'G20 video' pits YouTuber against Cheong Wa Dae

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'G20 video' pits YouTuber against Cheong Wa Dae


By Kang Hyun-kyung

It was a 14-minute video that triggered a once-unknown YouTuber to rise to fame after trading barbs with Cheong Wa Dae in a truth game.

That video contained a condensed version of open sessions of the recent G20 Summit held June 28 and 29 in Osaka, Japan. It was uploaded Thursday by the YouTuber "AforYou," short for "Apartment for You" as the channel was created in 2012 to provide "accurate, reliable information on apartments" to help consumers looking to buy new homes.

The video titled "South Korea was Not There in G20" features the leaders of the world's 20 most powerful economies as well as leaders of international institutions who were invited to the summit. President Moon Jae-in is seen from time to time, leaving his seat vacant or sometimes occupied by Finance Minister Hong Nam-ki on behalf of the South Korean leader.

AforYou claims Moon is seen for only 50 seconds or so in what he called the full video, stating the G20 Summit is where a flurry of summits are held among leaders from the world's most powerful countries, and that the key international event became a missed opportunity for South Korea.

Dubbed by internet users as a video file about "President Moon's Whereabouts" or "G20 video," it went viral on the internet as some social media influencers took on the issue.
As of Tuesday, AforYou's July 4 video has collected over 500,000 views, a surprisingly high figure compared to his previous videos about "dull" housing information ― around 10,000 or so on average.

The "G20 video" rattled the local political theater, raising the ire of the presidential staff.

Presidential spokeswoman Ko Min-jung dismissed the YouTuber's allegation that the G20 Summit was a missed opportunity for South Korea, claiming that what he said was "fake news."
Ko alleged the video was edited to emphasize the YouTuber's viewpoint, revealing her guesswork that the length of the video he obtained was not long enough to help him see the truth.

She claims there were "plenty of many mistakes and errors," so it would be too much work to single them out one after another.

To debunk the YouTuber's claim, Ko said President Moon attended the entire first session dealing with the digital economy and even delivered a keynote speech there which the presidential office released to the media.

She went on to say that President Moon had launched "energetic diplomacy" to make South Korea's voice heard in key areas all throughout the two-day meeting by squeezing in eight summits and other summit-like meetings with other leaders into his busy schedule.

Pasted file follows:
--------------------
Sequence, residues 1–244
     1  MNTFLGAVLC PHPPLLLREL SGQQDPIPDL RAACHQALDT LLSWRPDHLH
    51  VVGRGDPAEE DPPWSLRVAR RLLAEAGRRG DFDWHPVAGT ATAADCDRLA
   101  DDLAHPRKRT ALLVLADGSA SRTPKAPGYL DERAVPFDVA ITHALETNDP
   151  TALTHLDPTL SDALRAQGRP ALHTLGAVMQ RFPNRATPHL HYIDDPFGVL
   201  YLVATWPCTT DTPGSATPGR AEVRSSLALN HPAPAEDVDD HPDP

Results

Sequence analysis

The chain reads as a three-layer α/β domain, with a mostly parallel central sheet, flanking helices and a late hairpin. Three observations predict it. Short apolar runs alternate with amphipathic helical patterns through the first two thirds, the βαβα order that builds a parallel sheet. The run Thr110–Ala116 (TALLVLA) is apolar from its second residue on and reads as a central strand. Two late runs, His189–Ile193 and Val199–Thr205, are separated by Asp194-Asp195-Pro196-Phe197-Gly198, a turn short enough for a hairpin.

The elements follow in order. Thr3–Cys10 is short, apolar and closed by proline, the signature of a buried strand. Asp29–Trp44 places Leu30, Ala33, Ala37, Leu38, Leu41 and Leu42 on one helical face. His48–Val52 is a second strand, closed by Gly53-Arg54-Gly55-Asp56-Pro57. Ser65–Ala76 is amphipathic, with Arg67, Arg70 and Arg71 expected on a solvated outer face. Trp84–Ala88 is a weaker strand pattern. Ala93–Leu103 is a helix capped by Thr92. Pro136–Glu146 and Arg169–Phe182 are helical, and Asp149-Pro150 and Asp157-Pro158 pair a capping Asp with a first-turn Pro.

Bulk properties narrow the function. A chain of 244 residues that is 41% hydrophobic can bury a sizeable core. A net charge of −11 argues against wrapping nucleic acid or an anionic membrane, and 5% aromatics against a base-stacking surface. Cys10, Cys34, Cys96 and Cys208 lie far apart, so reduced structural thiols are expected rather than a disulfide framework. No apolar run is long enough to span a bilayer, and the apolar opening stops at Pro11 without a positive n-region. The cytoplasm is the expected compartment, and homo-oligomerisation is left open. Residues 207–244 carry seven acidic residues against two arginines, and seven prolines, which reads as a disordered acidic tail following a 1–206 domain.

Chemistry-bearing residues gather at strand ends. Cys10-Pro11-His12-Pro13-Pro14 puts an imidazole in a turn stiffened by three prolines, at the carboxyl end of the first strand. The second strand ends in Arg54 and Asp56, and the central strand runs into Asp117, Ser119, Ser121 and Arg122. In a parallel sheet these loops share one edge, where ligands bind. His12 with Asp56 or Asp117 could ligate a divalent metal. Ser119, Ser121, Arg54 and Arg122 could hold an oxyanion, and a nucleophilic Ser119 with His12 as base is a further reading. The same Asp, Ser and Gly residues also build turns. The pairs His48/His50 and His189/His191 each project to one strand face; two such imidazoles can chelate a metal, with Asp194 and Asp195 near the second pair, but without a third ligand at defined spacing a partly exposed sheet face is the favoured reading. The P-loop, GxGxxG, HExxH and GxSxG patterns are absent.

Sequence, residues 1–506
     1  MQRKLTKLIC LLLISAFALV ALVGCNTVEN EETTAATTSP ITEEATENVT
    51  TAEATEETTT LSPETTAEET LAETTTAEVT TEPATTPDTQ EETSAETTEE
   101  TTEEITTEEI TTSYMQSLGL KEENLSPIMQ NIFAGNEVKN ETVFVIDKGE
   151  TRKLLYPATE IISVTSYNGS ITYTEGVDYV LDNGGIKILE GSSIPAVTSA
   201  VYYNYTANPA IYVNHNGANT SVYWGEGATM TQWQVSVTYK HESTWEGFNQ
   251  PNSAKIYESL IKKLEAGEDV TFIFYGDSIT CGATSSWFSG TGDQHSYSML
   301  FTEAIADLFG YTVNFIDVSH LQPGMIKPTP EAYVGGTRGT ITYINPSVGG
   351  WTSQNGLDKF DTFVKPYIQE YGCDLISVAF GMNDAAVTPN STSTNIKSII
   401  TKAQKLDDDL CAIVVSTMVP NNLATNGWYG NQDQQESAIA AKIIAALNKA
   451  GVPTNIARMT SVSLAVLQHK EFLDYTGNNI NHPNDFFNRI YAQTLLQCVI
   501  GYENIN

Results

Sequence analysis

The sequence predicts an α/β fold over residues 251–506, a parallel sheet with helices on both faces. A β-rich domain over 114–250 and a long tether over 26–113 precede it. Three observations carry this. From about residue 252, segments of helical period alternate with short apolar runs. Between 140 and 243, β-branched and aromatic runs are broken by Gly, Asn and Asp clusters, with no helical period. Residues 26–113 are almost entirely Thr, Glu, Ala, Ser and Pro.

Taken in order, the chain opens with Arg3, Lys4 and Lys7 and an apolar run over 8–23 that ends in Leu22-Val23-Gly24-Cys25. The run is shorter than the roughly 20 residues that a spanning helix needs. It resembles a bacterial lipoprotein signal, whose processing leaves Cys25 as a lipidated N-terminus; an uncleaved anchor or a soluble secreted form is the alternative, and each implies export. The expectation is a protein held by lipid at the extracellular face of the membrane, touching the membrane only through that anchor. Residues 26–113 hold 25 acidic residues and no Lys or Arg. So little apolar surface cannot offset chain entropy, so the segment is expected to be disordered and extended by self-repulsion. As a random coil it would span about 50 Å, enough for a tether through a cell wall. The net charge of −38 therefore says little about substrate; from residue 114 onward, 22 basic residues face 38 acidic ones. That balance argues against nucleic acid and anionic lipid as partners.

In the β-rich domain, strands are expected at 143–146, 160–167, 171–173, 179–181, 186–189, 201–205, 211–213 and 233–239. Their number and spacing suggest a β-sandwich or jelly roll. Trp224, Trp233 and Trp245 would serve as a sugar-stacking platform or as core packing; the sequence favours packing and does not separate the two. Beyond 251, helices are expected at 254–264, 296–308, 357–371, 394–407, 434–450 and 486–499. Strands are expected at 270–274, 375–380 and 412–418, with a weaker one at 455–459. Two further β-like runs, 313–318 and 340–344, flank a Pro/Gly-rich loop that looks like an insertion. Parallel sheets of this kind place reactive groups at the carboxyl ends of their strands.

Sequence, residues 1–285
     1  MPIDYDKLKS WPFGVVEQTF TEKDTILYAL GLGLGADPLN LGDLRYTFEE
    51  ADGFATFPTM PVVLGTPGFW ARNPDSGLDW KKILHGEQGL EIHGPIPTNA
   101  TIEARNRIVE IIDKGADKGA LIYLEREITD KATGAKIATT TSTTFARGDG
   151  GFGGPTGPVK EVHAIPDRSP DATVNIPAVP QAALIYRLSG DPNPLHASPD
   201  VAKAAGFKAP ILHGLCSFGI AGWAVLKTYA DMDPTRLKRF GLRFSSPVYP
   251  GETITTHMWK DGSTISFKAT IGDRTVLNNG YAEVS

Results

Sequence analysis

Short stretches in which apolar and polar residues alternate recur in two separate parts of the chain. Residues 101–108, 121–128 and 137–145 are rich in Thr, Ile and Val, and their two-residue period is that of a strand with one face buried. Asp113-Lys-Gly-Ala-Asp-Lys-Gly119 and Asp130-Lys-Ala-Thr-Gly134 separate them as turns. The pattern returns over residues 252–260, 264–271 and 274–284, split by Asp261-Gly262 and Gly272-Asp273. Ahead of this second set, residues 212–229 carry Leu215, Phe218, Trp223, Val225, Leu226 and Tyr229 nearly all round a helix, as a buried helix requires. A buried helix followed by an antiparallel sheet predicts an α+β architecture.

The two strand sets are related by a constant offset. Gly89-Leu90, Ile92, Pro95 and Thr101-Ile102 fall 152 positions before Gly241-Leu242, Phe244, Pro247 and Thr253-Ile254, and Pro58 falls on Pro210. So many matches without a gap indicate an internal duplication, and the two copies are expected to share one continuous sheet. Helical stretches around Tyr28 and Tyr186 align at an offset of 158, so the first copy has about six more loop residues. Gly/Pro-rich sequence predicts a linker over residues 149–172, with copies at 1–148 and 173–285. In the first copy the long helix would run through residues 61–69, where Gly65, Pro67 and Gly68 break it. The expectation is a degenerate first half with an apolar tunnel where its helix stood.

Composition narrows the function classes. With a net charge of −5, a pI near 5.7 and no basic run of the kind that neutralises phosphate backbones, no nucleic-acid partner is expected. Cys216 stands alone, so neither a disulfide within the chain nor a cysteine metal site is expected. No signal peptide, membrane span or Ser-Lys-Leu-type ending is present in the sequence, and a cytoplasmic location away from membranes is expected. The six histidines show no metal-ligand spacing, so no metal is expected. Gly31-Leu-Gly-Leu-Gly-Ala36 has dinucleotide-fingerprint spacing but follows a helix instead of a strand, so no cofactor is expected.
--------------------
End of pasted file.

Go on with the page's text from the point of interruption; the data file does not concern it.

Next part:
In an apparent move to block the fallout of "fake news" on President Moon's leadership, Ko also accused Liberty Korea Party lawmaker Min Kyoung-wook of spreading "fake news."
On Facebook, Min stated the video on President Moon's whereabouts in Osaka had gone viral online and that it made him feel "so ashamed."

Ko said Rep. Min hadn't checked the facts before he uploaded the post.

"He's a former journalist. Then he served as a presidential spokesman," Ko said on an MBC radio show. "I'm curious about how people like him reported the news and gave briefings to the media… For journalists, facts are their guiding light, aren't they? I wonder if he had ever tried to figure out the truth before he uploaded such a post."

Ko's endeavors, however, didn't stop the controversy. Some social media influencers took up the issue, accusing President Moon of wasting taxpayers' money as he missed various opportunities at the summit.

Spurred by the surge in views of his video that also increased the number of subscribers to his channel, AforYou also didn't back down.

He uploaded a fresh video Sunday challenging the presidential spokeswoman's fake news allegation.

Feeling pressure, however, he narrowed his target to the presidential spokeswoman, and didn't touch on President Moon.

The YouTuber said he obtained a 17-hour long video from a Russian TV station and checked all the scenes to count how long President Moon was seen to double check whether media reports about Moon's disappointing summit diplomacy during the G20 meeting were based on fact or not. AforYou said his review confirmed President Moon was seen only for about 50 seconds.

"I guess there would be other videos showing closed sessions, which I regret I couldn't get," he said.

His follow-up video had garnered over 145,000 views as of Tuesday afternoon.

The G20 video has pit the YouTuber against Cheong Wa Dae.

It's rare for the presidential office to react to an ordinary YouTuber through official briefings or interviews with a media outlet.

There are plenty of internet-based conspiracy theories and stories blown up regarding certain political incidents.

For a long time, the presidential office, whether the person at the top of the government was a liberal or conservative, has maintained kind of "benign negligence" toward such content, as long as it didn't pose a threat to national security.

That unwritten rule was broken when the G20 video flared up.

The case appears to imply technology empowers people and even ordinary people can make their voice heard through their content.

This is something unimaginable before when those who initiated the national agenda or issues were limited.

The media, political bigwigs, opinion leaders and sometimes whistleblowers of high-profile cases were the main influencers on policies.

That landscape is changing fast as the digital era unfolds and deepens, and consequently ordinary people are empowered to exert influence through the internet which could open up to policy change in the real world.